Battling storms, loneliness and CANCER, 52 years ago this week Leonid Teliga became first Pole to single-handedly circumnavigate the globe in boat
When Leonid Teliga set out to sail around the world almost 52 years ago to this day, he felt great trepidation about the immensity of the journey ahead of him.
But he must also have felt great pain from the cancer that dogged him throughout his expedition and finally killed after arriving back in Poland.
Despite this handicap, Teliga became the first Pole, as well as the first Slav, to circumnavigate the globe under sail, leaving Casablanca on 25 January 1967 and arriving back at his starting point over two years later on 30 April 1969.
The former army officer who defended Poland in September 1939 and joined Ander’s Army in the Soviet Union, mentioned his fears before casting sail. He talked about his health problems, and about the fact that he even consulted doctors about whether he should cancel the expedition.
He said after his return, “I was alone very often during the war, although there were people around me all the time, like the commanders who made the decisions. Now I had to issue the commands and execute them. I had to give orders to myself. I knew that I was quite undisciplined and I didn't know whether I would be discipled enough.”
Almost as soon as he left Casablanca to head towards the Canary Islands, his ailments reported their presence. “I saw clouds in the sky and the first storm appeared. Then I was struck by a lumbago attack. I got through the storm, after some time the lumbago attack passed.
“Then, before me one of the most wonderful corners of the world appeared, I saw the place where the Atlas mountains reach almost the Atlantic. I felt as if I had entered some wonderful art gallery,” he recalled.
After crossing the Atlantic, Teliga encountered more difficulties, albeit of a more prosaic kind when it took him nearly two weeks to negotiate with the Americans to let him pass through the Panama Canal.
The Polish embassy in Washington intervened, and Teliga was even became a cause célèbre in the world press. The incident, however, caused Teliga to change his planned route as he believed he would encounter similar problems in Australia, which he avoided after being informed in Fiji that he would be allowed to stay “only for the purpose of necessary repairs and supplies”.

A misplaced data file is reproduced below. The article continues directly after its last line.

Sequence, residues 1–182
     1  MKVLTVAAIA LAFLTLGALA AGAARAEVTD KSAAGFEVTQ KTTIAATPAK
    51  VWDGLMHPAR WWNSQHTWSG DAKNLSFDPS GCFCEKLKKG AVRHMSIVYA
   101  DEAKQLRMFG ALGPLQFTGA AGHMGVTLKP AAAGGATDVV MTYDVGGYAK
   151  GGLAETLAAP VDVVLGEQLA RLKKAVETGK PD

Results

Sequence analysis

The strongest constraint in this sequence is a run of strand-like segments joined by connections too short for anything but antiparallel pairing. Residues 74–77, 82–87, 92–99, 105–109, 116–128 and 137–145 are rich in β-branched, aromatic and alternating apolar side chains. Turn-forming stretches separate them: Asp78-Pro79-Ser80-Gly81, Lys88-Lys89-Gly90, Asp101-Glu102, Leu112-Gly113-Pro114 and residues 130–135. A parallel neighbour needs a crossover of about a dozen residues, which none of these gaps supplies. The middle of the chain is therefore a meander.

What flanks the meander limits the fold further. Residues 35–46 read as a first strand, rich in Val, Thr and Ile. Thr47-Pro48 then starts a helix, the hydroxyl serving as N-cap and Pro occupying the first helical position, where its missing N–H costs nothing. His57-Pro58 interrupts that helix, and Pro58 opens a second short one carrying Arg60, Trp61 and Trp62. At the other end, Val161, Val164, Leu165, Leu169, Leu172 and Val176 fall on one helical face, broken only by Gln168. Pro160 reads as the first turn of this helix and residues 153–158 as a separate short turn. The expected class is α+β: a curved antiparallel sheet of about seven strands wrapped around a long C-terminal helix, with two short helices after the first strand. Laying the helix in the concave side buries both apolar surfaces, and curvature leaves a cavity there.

Teliga wasn’t always confronted by this kind of pompous bureaucracy. When he called into port, he would usually be greeted warmly, especially by Poles, who he often met. At that time, circumnavigations of the globe were still quite rare, and yacht clubs along his route were keen to make him their honorary member. Out on the high seas, he was frequently recognised by the crews of yachts and ships from around the world.
The longest and most gruelling part of the trip was the 21,340 km leg from Fiji in the Pacific to Dakar in West Africa, which he completed in around 5.5 months without calling into any port.
When he was sailing off the cost of Cape Town, which he couldn’t enter for political reasons, a South African tourist yacht spotted him. It turned out that his solo voyage had caught the world’s attention and people were looking out for him.
By that stage, Teliga was short of just about everything, so the South African’s tossed over everything they had that could be of use, including what he wanted most – fresh sandwiches and a packet of cigarettes.
When he arrived in Dakar 165 days later, he had broken the world record for an uninterrupted solo ocean-going journey.
On 5 April 1969, Teliga finally returned to Casablanca, completing his circumnavigation in 2 years, 13 days, 21 hours and 15 minutes.
He intended to sail further, but his cancer was developing rapidly and he was transported back to Poland by plane, where an ambulance was waiting for him.
Despite surgery, he died on May 21, 1970. He is buried in Powązki Military Cemetery in Warsaw.